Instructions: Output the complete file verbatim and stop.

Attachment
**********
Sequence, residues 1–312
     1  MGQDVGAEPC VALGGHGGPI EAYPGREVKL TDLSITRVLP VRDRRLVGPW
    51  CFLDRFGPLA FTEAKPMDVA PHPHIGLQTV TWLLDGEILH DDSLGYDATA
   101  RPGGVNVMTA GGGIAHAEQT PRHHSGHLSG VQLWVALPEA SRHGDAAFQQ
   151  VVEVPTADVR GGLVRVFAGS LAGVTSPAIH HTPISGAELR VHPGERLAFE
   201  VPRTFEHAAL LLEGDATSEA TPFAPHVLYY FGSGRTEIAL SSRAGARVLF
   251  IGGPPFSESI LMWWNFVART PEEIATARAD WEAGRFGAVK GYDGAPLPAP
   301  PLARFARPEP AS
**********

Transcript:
Sequence, residues 1–312
     1  MGQDVGAEPC VALGGHGGPI EAYPGREVKL TDLSITRVLP VRDRRLVGPW
    51  CFLDRFGPLA FTEAKPMDVA PHPHIGLQTV TWLLDGEILH DDSLGYDATA
   101  RPGGVNVMTA GGGIAHAEQT PRHHSGHLSG VQLWVALPEA SRHGDAAFQQ
   151  VVEVPTADVR GGLVRVFAGS LAGVTSPAIH HTPISGAELR VHPGERLAFE
   201  VPRTFEHAAL LLEGDATSEA TPFAPHVLYY FGSGRTEIAL SSRAGARVLF
   251  IGGPPFSESI LMWWNFVART PEEIATARAD WEAGRFGAVK GYDGAPLPAP
   301  PLARFARPEP AS